What strategies do you use to push through a tough challenge, be it a run on a treadmill or a stressful phone call with your boss? Perhaps you remind yourself of what you have to gain from completing the task, or you use distraction, or you think about the bad things that will happen if you give in?
For a paper in the European Journal of Personality, a team led by Marie Hennecke at the University of Zurich has conducted what they say is the first ever investigation of these strategies, and others, that people use spontaneously in their everyday lives to “regulate their persistence during aversive activities”.
The researchers’ main interest was to see whether people with strong self-control differ from flakier types by virtue of their use of more effective strategies. In fact, this was not the case – yes, some strategies were more effective than others (offering hope to those of us with weaker willpower that we might benefit from adopting such strategies), but greater use of effective strategies did not explain the persistence of the grittier types, thus suggesting, as the researchers put it, that “… trait self-control and self-regulatory strategies represent separate routes to good self-regulation”.
The researchers started with a pilot study in which they presented hundreds of participants with challenging scenarios (such as completing a treadmill run) and asked them to list any strategies they’d typically use to push through to the end. The researchers collapsed the answers into 19 strategies most of which fell under one of two headings: situation modification strategies (e.g. drinking coffee; listening to music while working); and attentional deployment strategies (e.g. motivational self-talk or thinking the finish is near).
Next, Hennecke’s team ran another pilot study with North American participants and German-speaking participants in which they asked them to complete a measure of their trait self-control and then to indicate how often they used these 19 different strategies (see left). For the study proper, the researchers then used a week-long “experience sampling method” with over 250 young German-speakers – as well as completing the trait self-control quiz, these participants were prompted multiple times a day to log any aversive challenges they’d recently been engaged in (examples included self-study, lectures, commuting and housework), what strategies they’d used to persist, and whether they’d been successful.
Across the different types of aversive challenge, the strategies correlated with success were: thinking about the positive consequences of getting to the end (this was also the most popular strategy); monitoring one’s goal progress; thinking that the end is near (the second most popular strategy); and emotion regulation (e.g. trying to stay in a good mood). In contrast, distracting oneself from the aversive challenge was associated with less success – perhaps because distraction makes us more inclined to give in and do something more pleasant (note the contrast with research on resisting temptations, such as in the classic Marshmallow Test studies, in which distraction was found to be effective).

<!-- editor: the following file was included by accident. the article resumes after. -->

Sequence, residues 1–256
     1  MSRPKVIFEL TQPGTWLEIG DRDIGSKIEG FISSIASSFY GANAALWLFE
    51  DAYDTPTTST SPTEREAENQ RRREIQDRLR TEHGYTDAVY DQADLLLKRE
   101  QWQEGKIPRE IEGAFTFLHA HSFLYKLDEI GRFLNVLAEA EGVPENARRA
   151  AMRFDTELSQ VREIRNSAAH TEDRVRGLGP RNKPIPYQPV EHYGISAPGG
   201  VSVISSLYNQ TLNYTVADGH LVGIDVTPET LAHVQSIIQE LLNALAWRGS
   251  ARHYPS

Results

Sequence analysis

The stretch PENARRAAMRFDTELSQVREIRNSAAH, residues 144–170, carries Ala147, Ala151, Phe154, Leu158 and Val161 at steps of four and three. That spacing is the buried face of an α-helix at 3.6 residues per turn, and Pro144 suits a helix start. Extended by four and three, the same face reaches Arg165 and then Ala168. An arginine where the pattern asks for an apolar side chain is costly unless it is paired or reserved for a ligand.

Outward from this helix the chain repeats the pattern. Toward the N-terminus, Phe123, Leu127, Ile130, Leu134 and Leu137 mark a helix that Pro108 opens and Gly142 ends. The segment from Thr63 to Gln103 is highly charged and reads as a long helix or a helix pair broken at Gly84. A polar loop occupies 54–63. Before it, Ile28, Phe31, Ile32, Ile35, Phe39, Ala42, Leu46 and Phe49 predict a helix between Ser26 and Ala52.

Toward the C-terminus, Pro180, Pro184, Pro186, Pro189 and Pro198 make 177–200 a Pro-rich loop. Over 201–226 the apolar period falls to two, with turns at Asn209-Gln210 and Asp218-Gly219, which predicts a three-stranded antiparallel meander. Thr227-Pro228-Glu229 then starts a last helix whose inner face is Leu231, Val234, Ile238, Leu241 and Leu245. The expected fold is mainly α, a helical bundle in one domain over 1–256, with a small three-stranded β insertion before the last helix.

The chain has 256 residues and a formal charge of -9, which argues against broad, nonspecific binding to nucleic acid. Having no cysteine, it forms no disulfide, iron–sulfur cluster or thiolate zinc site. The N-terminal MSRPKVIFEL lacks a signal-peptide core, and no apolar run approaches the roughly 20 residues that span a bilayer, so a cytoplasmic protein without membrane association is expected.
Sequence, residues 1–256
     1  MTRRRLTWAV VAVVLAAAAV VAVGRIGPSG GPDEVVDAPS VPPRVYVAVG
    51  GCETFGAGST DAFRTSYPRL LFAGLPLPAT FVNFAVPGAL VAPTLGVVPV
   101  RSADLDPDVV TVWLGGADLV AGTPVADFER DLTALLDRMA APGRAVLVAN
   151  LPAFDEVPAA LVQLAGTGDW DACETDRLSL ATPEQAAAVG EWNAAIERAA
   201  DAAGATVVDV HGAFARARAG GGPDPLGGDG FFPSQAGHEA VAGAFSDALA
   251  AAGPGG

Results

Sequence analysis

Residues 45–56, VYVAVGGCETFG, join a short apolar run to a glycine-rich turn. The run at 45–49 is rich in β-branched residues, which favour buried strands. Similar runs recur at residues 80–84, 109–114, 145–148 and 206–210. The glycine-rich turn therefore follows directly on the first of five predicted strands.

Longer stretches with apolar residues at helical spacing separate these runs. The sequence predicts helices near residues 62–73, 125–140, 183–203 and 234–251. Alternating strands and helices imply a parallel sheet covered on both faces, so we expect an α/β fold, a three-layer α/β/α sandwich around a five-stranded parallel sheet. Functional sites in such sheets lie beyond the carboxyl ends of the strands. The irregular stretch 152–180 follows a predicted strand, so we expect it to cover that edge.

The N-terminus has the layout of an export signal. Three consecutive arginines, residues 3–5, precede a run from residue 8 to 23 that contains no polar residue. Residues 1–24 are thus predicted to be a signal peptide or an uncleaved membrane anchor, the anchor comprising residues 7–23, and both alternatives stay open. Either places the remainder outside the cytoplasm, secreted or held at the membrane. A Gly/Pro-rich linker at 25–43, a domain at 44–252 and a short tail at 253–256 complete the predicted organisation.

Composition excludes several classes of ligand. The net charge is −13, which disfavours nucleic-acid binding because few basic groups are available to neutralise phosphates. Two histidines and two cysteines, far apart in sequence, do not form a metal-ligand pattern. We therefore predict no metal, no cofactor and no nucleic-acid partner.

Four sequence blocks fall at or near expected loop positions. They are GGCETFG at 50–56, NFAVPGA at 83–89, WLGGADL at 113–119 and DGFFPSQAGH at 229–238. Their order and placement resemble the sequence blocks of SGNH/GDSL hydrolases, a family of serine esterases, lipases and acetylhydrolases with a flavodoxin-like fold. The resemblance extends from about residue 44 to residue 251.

These new findings are of theoretical interest – for instance, an excessive focus on the potential positive outcomes of challenges has previously been flagged in research as an unhelpful approach because it encourages a dependence on so-called extrinsic motivation. Researchers have previously argued that we are actually more likely to reach our goals if we can find pleasure in the process (intrinsic motivation). Hennecke and her colleagues speculated that perhaps the key factor here is whether the challenge is enjoyable or inherently aversive – if the latter, then perhaps focusing on positive outcomes can be an effective strategy. Further research can test this. Meanwhile, monitoring one’s progress is well-established as an effective self-control strategy; on the other hand, the researchers said the strategy of thinking that the finish is near, while very popular here, has actually not been studied before.
Returning to Hennecke and her colleagues’ main focus – whether people with more self-control use more effective strategies – yes, two of the effective strategies were used more often by participants higher in trait self-control, namely focusing on positive consequences and emotion regulation (as was a third strategy – goal setting – though this strategy was not correlated with greater success). Crucially, however, as I mentioned above, the greater use of these two effective strategies did not explain why these high trait self-control individuals tended to enjoy greater success at aversive challenges. “It is possible that more automatic processes that individuals may not be able to explicitly report are better candidates for explaining individual differences in self-control,” the researchers said.
Limitations of the new findings include the reliance on participants’ own estimates of their success at persistence, and the mostly student sample for the main study (for whom the nature of everyday challenges are likely to be different than for non-students). However, this research clearly breaks new ground. As Hennecke and her colleagues put it, “… our findings promote a more comprehensive understanding of self-regulatory success and failure during people’s daily attempts to regulate their persistence during aversive activities.”